Setting up the race course

I am working to start a local regatta in my area, and need some basic information on how to setup a race course. I read that you can easily make racing markers out of empty plastic bottles. What is the best way to get the markers set in the correct positions, and what is the best way to weigh them down? Do I need to bring a kayak out to the course, or can I set it up from the shore? What is the suggested distance between markers?

Also, what are throw outs, and how many should be set?

Capt. Jack – I have seen and made them all from casual sailing destination buoys – to national championships buoys where precise placement is critical as well as the buoy itself.

In the beginning, you can use just about anything that floats but it should be at least the size of a 1 gallon jug. The anchor can be a brick, and the line no more than simple fishing line.  To avoid catching passing boat keels, the anchor line should go straight down under the buoy.  To do that a small counter weight on the opposite end on the line from the anchor, which is routed through a turning fitting on the buoy, will keep the tension in the anchor line, and the buoy relatively close to vertically above the anchor.
As to where ~ in championship racing we are concerned first that markers are no further from where the skipper is standing than 300 feet.  Actually in club racing, 200 feet is more manageable.  If you can walk up and down the shore, then the markers can be further apart than 200-300 feet, it is depth perception that is the factor here, thus it is range from the skipper that really counts.
Where buoys are for championship racing, positioning is based on which way the wind is blowing.  One end of the course is located where the wind is coming from, the other end straight down wind from the first.  It is always beneficial  if the wind blows in a direction parallel to the shore where the skippers are.  Then put a starting line in the middle – start tacking into the wind to the windward mark and then go down wind to the leeward mark, and then return to the start/finish line.  Because inland lake sailing is plagued with lots of shifting winds, clubs often put out an array of buoys (our club uses 10), so we can pick the marks for each race based on where the wind is blowing from.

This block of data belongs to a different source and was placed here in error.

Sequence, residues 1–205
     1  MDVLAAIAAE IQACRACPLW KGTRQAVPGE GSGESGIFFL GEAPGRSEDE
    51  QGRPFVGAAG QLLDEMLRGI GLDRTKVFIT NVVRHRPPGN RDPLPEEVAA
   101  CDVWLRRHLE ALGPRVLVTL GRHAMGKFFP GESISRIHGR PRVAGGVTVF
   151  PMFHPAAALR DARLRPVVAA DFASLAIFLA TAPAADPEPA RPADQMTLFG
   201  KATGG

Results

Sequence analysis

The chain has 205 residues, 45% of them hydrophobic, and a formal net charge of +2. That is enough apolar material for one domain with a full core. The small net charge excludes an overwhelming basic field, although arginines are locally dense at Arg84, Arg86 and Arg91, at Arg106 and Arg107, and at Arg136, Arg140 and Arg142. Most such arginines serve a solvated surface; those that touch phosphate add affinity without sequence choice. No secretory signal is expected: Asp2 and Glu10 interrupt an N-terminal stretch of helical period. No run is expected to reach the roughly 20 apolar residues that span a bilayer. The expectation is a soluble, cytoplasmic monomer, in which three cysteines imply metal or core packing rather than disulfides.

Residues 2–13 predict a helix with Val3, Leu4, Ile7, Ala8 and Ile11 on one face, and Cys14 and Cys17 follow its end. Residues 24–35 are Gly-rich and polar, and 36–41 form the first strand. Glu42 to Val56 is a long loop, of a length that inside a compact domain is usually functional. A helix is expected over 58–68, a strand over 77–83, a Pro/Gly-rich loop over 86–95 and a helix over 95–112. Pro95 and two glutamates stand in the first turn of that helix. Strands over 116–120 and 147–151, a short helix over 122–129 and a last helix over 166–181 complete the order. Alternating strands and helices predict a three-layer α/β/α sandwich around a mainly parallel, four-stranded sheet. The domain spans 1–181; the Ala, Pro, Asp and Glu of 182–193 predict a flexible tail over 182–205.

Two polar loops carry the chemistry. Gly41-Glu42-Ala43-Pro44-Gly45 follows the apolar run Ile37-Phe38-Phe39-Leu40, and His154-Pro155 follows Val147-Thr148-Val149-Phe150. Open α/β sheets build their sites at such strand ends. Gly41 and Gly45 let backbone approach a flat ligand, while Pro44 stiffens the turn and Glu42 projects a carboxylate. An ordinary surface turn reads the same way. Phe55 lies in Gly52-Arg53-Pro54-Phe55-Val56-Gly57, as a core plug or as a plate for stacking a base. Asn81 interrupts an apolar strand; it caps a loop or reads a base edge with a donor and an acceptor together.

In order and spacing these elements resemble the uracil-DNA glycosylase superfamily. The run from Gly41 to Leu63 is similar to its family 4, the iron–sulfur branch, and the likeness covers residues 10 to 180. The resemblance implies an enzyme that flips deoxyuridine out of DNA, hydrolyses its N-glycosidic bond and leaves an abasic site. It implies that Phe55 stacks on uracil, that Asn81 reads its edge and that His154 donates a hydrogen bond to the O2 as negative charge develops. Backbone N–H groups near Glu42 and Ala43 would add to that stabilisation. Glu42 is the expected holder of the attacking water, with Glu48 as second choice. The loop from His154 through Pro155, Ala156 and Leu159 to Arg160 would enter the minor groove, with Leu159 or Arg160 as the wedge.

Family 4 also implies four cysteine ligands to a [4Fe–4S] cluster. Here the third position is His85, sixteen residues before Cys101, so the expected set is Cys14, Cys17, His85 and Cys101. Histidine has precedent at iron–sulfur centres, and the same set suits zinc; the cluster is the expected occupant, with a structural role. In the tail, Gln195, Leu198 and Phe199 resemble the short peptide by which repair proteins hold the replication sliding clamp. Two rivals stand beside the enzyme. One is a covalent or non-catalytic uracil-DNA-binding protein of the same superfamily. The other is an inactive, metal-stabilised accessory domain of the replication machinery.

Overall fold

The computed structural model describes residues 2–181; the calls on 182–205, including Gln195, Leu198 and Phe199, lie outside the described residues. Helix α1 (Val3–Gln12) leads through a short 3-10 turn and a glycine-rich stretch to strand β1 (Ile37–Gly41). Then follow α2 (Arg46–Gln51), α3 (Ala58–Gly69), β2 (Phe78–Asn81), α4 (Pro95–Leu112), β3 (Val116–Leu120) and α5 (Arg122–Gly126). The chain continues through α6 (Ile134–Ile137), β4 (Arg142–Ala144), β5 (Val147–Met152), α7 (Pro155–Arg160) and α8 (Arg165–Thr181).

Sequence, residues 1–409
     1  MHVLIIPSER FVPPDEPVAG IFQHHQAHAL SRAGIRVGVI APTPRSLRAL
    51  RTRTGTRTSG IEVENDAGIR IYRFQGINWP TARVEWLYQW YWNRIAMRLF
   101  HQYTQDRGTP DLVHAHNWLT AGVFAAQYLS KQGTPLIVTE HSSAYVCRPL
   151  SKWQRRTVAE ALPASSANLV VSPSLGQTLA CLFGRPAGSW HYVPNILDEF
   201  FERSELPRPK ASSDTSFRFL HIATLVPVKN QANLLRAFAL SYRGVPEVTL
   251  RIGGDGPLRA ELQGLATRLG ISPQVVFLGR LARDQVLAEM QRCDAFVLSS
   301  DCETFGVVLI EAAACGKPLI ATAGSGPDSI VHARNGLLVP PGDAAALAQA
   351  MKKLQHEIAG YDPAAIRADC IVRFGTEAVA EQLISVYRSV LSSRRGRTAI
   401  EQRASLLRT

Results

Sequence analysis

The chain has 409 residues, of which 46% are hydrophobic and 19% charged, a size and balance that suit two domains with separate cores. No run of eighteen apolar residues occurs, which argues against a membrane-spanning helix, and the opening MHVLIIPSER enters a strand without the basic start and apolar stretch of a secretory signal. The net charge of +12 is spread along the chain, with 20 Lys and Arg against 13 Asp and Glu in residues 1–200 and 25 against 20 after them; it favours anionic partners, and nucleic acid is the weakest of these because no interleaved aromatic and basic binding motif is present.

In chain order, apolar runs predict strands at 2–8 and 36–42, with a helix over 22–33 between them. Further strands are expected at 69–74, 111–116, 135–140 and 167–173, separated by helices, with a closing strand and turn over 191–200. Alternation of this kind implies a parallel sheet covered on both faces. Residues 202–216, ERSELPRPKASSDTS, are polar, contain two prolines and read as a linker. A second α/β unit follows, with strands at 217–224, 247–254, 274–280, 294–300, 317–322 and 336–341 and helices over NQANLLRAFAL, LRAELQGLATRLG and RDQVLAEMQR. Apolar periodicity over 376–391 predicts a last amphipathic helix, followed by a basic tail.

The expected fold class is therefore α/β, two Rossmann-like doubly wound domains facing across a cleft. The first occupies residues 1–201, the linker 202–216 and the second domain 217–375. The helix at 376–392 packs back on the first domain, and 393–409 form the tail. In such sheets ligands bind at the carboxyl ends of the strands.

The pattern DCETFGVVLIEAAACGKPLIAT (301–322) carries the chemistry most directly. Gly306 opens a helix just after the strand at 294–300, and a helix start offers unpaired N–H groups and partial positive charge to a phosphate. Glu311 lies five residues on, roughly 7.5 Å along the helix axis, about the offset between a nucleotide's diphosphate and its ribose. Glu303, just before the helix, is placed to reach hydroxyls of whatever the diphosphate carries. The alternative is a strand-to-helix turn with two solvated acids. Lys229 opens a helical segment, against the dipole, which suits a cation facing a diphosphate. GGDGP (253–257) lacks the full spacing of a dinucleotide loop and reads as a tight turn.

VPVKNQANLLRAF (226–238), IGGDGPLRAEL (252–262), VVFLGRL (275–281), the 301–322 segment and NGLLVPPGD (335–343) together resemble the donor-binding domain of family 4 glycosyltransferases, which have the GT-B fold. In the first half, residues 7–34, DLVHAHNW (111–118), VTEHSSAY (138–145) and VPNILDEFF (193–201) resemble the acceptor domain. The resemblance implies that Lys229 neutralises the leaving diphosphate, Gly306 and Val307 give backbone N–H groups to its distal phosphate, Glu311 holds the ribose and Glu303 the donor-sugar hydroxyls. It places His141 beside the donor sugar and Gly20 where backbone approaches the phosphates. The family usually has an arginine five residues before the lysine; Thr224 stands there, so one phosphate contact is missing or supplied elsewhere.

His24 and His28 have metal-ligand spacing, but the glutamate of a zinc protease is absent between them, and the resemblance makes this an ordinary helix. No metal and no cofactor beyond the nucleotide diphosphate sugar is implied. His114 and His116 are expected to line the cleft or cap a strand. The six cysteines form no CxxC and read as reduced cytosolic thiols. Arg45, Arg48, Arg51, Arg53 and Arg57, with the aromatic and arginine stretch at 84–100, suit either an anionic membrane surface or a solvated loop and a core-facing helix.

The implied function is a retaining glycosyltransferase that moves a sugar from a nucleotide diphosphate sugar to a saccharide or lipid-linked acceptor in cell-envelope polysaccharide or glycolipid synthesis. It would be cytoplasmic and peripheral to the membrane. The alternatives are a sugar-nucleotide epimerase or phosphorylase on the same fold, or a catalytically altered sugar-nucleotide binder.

Often clubs put out permanent buoys – our club has permanent anchors but because surrounding residents don’t all appreciate our brightly colored marks on their lake, we use snap-on buoys and decoy ducks.  After sailing, we simply snap on the duck, and snap off the buoy, and we have a bunch of ducks floating around looking quite natural.
Throw-out buoys are another thing, and I will be glad to explain those to you if you will question directly.  A person that is experienced in throwing throw-out buoys can only get them out about 80-100 feet from shore.  And it takes a technique that takes a little learning.  Thus there isn’t much call for throw-outs unless there is a real need to launch and retrieve all buoys every time you sail and they can be within 80 feet from the shore.
Yes, a kayak or small boat is invaluable for launching and retrieving buoys.  Some clubs have built RC power boats with special hooks to launch and retrieve marks and anchors, but most are very inefficient and not worth the effort in my view.
Hope my 14 years of messing with RC sailboat buoys helps.